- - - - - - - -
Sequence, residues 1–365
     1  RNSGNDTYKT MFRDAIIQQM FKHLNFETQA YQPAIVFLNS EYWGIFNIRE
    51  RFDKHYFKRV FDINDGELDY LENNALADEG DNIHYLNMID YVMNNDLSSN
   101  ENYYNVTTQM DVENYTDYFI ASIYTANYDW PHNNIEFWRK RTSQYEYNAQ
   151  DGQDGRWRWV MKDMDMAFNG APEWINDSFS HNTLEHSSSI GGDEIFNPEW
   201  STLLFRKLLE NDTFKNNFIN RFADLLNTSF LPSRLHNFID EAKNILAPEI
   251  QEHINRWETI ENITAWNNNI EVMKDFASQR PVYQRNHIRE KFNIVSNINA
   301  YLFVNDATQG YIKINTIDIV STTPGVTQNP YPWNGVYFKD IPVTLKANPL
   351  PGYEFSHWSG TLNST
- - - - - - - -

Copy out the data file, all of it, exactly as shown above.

Sequence, residues 1–365
     1  RNSGNDTYKT MFRDAIIQQM FKHLNFETQA YQPAIVFLNS EYWGIFNIRE
    51  RFDKHYFKRV FDINDGELDY LENNALADEG DNIHYLNMID YVMNNDLSSN
   101  ENYYNVTTQM DVENYTDYFI ASIYTANYDW PHNNIEFWRK RTSQYEYNAQ
   151  DGQDGRWRWV MKDMDMAFNG APEWINDSFS HNTLEHSSSI GGDEIFNPEW
   201  STLLFRKLLE NDTFKNNFIN RFADLLNTSF LPSRLHNFID EAKNILAPEI
   251  QEHINRWETI ENITAWNNNI EVMKDFASQR PVYQRNHIRE KFNIVSNINA
   301  YLFVNDATQG YIKINTIDIV STTPGVTQNP YPWNGVYFKD IPVTLKANPL
   351  PGYEFSHWSG TLNST